Clause 5 (added by 93rd amendment on 20 January 2006) empowers Parliament to make special provisions by law for socially and educationally backward classes and for SCs and STs in regard to admission to educational institutions including private aided or unaided institutions other than minority institutions.
Now as you might find them, Clauses 4 and 5 are a bit ambiguous. There have been questions raised on reservation. Hon’ble Supreme Court has held that, “caste and poverty may be both relevant for determining the backwardness. But neither caste alone nor poverty alone could be the determining test”.
Ok, moving on…
Article 16– Equality of Opportunity in Public Employment.
Clause 1– All citizens of India are guaranteed equality of opportunity in matters relating to employment or appointment to any office under the State.
So, if you’re from Goa, you cannot be denied the job of a peon in a school in Maharashtra.
Clause 2– No citizen can be discriminated against or be ineligible for any employment or office under the State on grounds only of religion, race, caste, sex, descent, place of birth or residence.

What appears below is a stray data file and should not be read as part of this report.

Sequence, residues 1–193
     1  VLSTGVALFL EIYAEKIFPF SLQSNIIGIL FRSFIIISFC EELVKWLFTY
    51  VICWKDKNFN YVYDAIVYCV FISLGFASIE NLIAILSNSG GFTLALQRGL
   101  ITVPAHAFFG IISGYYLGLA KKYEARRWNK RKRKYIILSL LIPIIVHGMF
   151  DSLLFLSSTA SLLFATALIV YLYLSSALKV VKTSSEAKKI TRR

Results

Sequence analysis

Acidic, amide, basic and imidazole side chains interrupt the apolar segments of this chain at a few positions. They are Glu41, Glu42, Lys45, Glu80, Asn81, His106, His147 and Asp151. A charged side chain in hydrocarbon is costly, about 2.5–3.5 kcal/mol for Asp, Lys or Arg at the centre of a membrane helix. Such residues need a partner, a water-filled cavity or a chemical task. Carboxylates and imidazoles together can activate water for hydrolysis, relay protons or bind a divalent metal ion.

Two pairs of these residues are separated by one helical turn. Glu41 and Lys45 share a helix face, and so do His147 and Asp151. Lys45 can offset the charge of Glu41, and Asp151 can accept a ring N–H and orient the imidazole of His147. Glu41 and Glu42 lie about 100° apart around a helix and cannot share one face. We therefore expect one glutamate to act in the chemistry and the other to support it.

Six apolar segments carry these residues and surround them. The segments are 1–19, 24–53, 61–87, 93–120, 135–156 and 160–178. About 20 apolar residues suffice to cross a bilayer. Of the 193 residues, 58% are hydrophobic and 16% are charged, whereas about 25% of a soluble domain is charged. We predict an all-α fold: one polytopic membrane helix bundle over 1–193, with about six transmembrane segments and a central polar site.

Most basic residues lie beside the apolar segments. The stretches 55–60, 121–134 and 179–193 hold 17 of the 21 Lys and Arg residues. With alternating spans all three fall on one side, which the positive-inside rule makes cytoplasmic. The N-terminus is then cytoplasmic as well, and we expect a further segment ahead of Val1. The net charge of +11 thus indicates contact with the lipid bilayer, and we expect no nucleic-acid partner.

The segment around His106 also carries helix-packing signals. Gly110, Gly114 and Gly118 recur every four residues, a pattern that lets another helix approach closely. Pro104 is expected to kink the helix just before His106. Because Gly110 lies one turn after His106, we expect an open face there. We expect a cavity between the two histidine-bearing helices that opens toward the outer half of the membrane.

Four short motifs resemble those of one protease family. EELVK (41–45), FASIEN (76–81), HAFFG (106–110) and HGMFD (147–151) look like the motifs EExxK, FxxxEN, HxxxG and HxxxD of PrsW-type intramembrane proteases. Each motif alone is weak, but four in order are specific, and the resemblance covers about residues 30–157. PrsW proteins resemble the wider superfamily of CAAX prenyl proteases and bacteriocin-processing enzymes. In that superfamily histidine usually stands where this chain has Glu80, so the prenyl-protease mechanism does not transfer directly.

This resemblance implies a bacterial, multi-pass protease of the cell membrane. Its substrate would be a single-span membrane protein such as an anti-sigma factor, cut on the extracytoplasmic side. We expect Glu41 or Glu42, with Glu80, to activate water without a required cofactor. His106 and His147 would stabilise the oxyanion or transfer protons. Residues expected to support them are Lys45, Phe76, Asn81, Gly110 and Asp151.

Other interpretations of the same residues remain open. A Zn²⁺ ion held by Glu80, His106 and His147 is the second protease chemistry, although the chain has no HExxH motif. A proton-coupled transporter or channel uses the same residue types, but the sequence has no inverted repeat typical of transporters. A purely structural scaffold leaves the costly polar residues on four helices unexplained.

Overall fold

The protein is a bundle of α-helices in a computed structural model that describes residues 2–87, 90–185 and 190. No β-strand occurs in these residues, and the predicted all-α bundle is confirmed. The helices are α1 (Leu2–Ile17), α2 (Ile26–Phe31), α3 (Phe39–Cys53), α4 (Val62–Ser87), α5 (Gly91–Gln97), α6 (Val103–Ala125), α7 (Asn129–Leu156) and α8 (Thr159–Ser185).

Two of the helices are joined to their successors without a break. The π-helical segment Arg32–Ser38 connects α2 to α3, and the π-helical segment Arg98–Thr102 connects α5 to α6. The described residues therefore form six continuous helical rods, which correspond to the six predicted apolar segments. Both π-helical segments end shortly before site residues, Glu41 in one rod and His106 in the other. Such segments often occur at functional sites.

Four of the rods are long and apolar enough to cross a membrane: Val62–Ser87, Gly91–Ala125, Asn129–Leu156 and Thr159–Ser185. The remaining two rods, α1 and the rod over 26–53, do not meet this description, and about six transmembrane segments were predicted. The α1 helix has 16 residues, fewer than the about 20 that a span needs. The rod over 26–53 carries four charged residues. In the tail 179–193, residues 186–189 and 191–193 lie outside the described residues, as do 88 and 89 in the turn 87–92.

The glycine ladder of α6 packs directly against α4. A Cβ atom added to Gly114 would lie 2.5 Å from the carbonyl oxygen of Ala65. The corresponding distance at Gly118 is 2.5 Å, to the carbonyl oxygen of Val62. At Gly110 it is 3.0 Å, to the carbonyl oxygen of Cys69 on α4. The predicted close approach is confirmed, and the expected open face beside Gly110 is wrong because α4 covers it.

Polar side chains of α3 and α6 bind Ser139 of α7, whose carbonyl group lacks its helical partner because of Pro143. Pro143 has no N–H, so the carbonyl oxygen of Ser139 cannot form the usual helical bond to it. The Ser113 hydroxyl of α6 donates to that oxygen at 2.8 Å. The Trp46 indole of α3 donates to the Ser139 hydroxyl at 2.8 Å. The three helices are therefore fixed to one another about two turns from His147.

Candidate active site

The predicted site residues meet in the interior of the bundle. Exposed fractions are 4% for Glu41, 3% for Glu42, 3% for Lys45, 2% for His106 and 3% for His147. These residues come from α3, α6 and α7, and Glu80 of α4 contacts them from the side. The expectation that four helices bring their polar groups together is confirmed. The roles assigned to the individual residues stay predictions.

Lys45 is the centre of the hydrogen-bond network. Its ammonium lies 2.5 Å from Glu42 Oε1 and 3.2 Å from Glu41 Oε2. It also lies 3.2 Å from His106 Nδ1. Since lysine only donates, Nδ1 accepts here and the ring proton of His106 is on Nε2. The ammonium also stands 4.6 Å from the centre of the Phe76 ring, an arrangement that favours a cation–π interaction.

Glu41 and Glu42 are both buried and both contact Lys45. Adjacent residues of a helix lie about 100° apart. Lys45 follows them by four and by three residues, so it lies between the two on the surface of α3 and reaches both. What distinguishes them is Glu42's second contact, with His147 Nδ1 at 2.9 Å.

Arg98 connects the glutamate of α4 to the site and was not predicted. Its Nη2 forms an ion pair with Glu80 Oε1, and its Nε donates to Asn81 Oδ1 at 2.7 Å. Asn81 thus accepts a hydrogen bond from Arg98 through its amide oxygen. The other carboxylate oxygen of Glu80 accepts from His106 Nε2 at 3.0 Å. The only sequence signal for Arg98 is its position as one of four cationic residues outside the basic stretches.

So, these clauses make you eligible for all jobs in the country for which you hold the qualifications. Now, before you get all happy, let me introduce you to the subsequent clauses which are basically exceptions to this right-
Clause 3– Parliament is empowered to regulate the extent to which it would be permissible for a State or Union Territory to depart from or expand or supplement the general principles enunciated in clauses (1) and (2).
So with this power, Parliament passed the Public Employment (Requirement as to residence) Act, 1957 which repealed all the laws in force prescribing any requirement of residence within a State or UT for any public employment but exceptions were made in cases of Himachal Pradesh, Manipur, Tripura and the Telangana area of Andhra Pradesh where residential qualifications were prescribed for a limited period not exceeding five years on grounds of backwardness of the areas. But then in one case, SC declared a part of this Act unconstitutional as Parliament cannot impose a residential qualification in just a part of a State.
Clause 4– It is an enabling provision for the State and empowers the State to make special provision for the reservation of appointments or posts in favour of any “backward class of citizens” which in the opinion of the State are not adequately represented in the services under the State.